If you are a tradition-bound person, this new year will be miserable for you. You will interpret each change as a loss. You will either adapt or you will retreat further into your shell of traditions that no longer work in today's world.
Traditions Focus on the Past
Traditions essentially focus on the past — the values of the past, the methods of the past, the glories of the past. They help preserve value in a world that's constantly changing. But if we're tradition-bound, then we are unable to embrace the present or embrace change. Even worse, we are unable to embrace Jesus himself.
Christianity Is a Relationship, not a Tradition
The Christian faith is not essentially about a building a denomination, or an institution hoary with tradition. At its heart, Christianity is not a set of rules or a religious structure. The Christian faith is essentially about a "now" relationship with God through Jesus Christ. The essence of Christianity is not about the past but about right now.
Of course, faith has an important component that remembers the past. We recall God's saving acts on the cross, for example. We remember what God has done for us in the past. But faith is only alive when it impels us to continue to live out our faith in the present, in the now. St. James said, "Faith without deeds is dead" (James 2:26).
Traditions Can Keep Us from Listening to God
Sometimes I find myself interrupting my wife and starting to answer before she has finished speaking. Oh, that makes her mad! But when we are tradition-bound, we do that to God. We stop listening because we assume we already know what he'll say and that he'll never say anything new in the future.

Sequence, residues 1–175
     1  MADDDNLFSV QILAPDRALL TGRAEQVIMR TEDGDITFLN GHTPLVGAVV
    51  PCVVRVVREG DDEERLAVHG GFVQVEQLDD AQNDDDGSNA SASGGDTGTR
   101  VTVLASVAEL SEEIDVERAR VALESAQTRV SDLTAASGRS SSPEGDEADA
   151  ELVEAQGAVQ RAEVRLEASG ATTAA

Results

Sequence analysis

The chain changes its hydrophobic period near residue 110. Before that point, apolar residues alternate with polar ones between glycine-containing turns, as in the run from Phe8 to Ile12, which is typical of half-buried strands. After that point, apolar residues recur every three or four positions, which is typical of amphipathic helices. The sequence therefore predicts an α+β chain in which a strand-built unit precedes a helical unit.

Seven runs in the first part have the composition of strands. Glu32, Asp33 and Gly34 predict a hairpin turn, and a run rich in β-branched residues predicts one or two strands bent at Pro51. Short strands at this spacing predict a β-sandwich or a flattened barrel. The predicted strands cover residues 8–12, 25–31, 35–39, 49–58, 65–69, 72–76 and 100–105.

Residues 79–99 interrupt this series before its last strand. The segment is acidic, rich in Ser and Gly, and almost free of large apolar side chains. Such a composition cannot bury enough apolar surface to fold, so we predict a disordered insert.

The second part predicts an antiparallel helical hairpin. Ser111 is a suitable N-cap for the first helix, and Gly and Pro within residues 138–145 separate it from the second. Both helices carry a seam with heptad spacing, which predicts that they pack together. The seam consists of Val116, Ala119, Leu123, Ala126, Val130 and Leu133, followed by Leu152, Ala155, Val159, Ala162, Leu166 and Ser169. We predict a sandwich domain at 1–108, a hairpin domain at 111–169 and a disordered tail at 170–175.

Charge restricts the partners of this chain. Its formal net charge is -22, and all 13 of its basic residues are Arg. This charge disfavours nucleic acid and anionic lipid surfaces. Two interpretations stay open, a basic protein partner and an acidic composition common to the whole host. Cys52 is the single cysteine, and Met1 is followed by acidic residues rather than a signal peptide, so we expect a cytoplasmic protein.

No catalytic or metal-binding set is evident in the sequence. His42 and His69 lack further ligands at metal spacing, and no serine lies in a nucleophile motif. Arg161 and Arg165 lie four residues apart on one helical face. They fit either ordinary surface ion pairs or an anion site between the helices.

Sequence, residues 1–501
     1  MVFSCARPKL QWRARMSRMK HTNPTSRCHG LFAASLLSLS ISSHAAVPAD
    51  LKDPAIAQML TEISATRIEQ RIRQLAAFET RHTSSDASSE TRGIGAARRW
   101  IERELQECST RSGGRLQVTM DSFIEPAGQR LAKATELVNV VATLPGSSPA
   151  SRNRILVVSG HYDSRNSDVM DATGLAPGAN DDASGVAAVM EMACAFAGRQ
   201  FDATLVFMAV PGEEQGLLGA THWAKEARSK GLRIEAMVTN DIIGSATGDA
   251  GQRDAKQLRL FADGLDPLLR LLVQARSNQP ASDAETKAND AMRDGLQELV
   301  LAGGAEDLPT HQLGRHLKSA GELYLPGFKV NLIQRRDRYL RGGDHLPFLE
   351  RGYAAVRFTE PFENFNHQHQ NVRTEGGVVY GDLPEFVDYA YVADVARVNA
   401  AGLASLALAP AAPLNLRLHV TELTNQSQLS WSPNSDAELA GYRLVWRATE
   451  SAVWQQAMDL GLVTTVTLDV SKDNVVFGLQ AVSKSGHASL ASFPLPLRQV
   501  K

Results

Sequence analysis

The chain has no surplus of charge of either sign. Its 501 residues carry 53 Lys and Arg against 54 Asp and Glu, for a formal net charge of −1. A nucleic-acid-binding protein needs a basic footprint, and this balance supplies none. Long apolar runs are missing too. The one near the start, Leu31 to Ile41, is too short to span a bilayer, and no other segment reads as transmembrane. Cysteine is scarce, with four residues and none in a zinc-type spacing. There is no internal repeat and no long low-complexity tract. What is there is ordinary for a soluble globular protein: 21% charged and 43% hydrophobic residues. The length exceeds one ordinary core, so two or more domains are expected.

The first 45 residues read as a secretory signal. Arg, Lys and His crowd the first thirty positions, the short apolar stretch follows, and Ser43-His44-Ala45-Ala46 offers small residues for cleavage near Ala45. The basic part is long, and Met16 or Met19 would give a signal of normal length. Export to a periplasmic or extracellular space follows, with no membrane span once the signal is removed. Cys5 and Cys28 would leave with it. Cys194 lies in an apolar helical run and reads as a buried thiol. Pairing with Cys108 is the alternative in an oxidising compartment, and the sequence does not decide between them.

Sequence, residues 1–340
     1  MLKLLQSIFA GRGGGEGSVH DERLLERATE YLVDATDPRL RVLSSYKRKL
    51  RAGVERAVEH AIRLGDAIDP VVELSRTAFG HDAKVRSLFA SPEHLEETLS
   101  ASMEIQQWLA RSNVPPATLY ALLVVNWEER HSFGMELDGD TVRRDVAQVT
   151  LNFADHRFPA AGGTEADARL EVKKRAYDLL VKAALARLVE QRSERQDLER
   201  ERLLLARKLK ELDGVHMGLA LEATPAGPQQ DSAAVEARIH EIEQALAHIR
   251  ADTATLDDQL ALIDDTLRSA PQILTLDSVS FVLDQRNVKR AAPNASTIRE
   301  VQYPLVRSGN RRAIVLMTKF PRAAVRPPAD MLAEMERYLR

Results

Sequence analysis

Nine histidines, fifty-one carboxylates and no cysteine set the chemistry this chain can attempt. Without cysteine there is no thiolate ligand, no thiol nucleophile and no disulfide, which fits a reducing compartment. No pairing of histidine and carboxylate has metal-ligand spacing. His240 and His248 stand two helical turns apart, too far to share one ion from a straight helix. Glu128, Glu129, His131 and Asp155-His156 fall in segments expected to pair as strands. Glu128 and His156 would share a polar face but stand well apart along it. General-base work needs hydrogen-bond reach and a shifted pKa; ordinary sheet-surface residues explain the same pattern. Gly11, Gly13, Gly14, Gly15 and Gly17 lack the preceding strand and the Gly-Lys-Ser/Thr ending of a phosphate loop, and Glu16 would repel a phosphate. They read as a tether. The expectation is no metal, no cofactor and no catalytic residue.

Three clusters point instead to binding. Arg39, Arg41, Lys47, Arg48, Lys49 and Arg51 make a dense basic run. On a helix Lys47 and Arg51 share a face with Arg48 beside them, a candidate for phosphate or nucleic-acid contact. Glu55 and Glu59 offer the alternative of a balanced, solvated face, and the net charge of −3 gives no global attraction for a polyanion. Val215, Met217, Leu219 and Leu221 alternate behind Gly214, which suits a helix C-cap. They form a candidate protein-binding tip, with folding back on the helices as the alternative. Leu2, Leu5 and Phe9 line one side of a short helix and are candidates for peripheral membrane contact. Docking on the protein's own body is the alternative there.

By our traditions we second-guess God about what he wants us to do tomorrow or about how he wants us to react to a situation we're faced with today. Dear friends, this is not just wrong, it is deadly!
The religious, tradition-bound Pharisees of Jesus' day resisted him more strongly than anyone else. And he didn't mince words when he confronted them:
"Isaiah was right when he prophesied about you hypocrites; as it is written:
'These people honor me with their lips,
but their hearts are far from me.
They worship me in vain;
their teachings are but rules taught by men.'
You have let go of the commands of God and are holding on to the traditions of men....You have a fine way of setting aside the commands of God in order to observe your own traditions!" (Mark 7:6-9)
Wow! What would Jesus say to your church today? What would he say to you?
Listening to God on New Year's Day and Every Day
Now let's get personal. Is your own personal faith focused primarily on the past, on the traditions of your upbringing? Or is it focused on God in the present, right now? Are you listening so hard to your past that you can't hear God in the present? Are you hard of hearing — spiritually? Your God longs to speak to you afresh today.
Jesus wants to renew his personal relationship with you today, this week. Not just to get together to talk about old times and tell war stories, but to talk about tomorrow, about your future. About the exciting plans he has for you in the new year. We can never let the traditions we value become a substitute for a present day relationship with the living Christ, since the essence of the Christian gospel is that Jesus is alive today!
Why don't you pray right now. Be sure to ask God what he wants you to think about and to do today. Ask what he wants you to do in this New Year. Ask God to share with you his dreams and visions for you and share your dreams with God, too. As you discuss your dreams with the God of the Future, he will guide and mature them.
Lord, I confess that sometimes I have confused traditions with present-day faith. I've coasted on the memories of a past relationship while neglecting to earnestly seek you and your will for me in the here-and-now. Forgive me. Let me hear and enter fully into your New Year's plans for me. In Jesus' name, I pray. Amen.
Copyright © 1985-2017, Ralph F. Wilson. <pastorjoyfulheart.com> All rights reserved. A single copy of this article is free. Do not put this on a website. See legal, copyright, and reprint information.